parietal lobe

The parietal lobe is one of the four lobes of the brain (along with the frontal lobetemporal lobe, and occipital lobe), located between the frontal and occipital lobes and underlying the parietal bone. It occupies about 19% of the cerebral hemispheres volume.

Gross anatomy

The parietal lobe accounts for only 19% of the total neocortical volume, only marginally larger than the occipital lobe. The lobe extends from the central sulcus anteriorly, which separates it from the frontal lobe, to the parieto-occipital fissure posteriorly, which separates it from the occipital lobe. The lateral sulcus corresponds to its inferolateral boundary, separating it from the temporal lobe. Medially, it is confined by the medial longitudinal fissure which divides both cerebral hemispheres.

Sulci and gyri
Relations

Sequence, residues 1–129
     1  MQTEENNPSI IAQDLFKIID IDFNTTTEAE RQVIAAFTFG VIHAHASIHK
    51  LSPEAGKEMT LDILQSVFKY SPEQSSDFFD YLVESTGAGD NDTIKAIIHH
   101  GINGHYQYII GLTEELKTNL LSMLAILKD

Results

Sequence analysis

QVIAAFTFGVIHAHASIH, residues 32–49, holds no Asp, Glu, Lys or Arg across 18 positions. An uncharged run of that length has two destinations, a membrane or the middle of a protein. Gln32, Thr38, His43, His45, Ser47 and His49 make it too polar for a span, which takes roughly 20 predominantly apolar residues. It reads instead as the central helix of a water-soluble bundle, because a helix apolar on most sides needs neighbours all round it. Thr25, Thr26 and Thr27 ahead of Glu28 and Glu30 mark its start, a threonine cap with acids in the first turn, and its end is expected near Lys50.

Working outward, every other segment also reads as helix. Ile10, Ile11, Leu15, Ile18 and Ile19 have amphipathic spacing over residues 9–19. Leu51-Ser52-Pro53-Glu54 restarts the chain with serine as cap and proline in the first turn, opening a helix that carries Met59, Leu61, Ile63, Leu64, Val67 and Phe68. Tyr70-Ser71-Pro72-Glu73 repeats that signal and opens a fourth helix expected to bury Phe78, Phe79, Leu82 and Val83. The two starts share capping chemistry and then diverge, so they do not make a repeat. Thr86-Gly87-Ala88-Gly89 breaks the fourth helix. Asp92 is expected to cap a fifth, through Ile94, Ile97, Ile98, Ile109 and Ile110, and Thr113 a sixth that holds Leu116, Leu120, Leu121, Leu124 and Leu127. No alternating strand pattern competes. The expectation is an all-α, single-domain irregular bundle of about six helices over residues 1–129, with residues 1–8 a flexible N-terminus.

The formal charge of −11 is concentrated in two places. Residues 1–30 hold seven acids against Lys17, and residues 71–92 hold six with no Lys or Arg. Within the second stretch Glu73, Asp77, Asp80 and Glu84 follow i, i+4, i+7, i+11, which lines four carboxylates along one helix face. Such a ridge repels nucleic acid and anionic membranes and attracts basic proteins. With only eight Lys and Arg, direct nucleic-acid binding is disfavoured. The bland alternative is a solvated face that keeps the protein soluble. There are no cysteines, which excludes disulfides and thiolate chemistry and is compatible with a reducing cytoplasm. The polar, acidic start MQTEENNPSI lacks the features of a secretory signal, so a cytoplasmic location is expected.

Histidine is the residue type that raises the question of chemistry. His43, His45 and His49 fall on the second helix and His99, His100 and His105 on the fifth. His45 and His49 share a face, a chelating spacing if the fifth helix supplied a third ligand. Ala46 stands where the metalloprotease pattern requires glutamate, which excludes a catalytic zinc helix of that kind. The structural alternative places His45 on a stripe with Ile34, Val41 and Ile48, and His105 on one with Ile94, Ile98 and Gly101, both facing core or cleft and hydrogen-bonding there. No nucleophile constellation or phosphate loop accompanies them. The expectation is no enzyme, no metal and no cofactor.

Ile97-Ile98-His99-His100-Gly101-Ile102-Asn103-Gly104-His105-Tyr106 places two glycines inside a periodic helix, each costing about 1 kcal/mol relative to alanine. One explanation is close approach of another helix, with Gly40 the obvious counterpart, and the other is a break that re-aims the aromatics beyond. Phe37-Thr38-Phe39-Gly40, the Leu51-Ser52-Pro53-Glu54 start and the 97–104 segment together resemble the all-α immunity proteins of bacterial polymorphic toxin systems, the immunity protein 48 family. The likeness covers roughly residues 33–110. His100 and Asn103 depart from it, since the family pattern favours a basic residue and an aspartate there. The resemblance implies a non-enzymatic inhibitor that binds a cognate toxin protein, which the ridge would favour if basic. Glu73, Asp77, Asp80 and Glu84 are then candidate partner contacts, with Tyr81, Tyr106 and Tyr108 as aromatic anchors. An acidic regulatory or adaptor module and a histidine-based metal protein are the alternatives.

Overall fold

Blood supply

Neurological deficits

The following neurological deficits occur with unilateral or bilateral lesions of the parietal lobes :

  • deficits arising from unilateral lesions involving the dominant hemisphere:
    • Gerstmann syndrome: right-left disorientation, finger agnosia, agraphia (without alexia), acalculia
    • contralateral hemianopia
    • sensory loss
    • contralateral neglect (less common than non-dominant)
    • bilateral astereognosis: inability to identify an object by touch alone
  • deficits arising from unilateral lesions involving the non-dominant hemisphere:
    • contralateral sensory loss
    • contralateral neglect
    • contralateral hemianopia 
    • topographic memory loss 
    • anosognosia: impaired self-awareness
    • dressing apraxia
  • irritative lesions involving either lobe can give rise to the following:
    • simple partial seizures involving the contralateral limb
    • Jacksonian march: sensory seizures spreading up/down the sensory strip (begins on one side; may begin with thumb/fingers and spread to the wrist, forearm, arm, face and leg; Todd's paresis may ensue)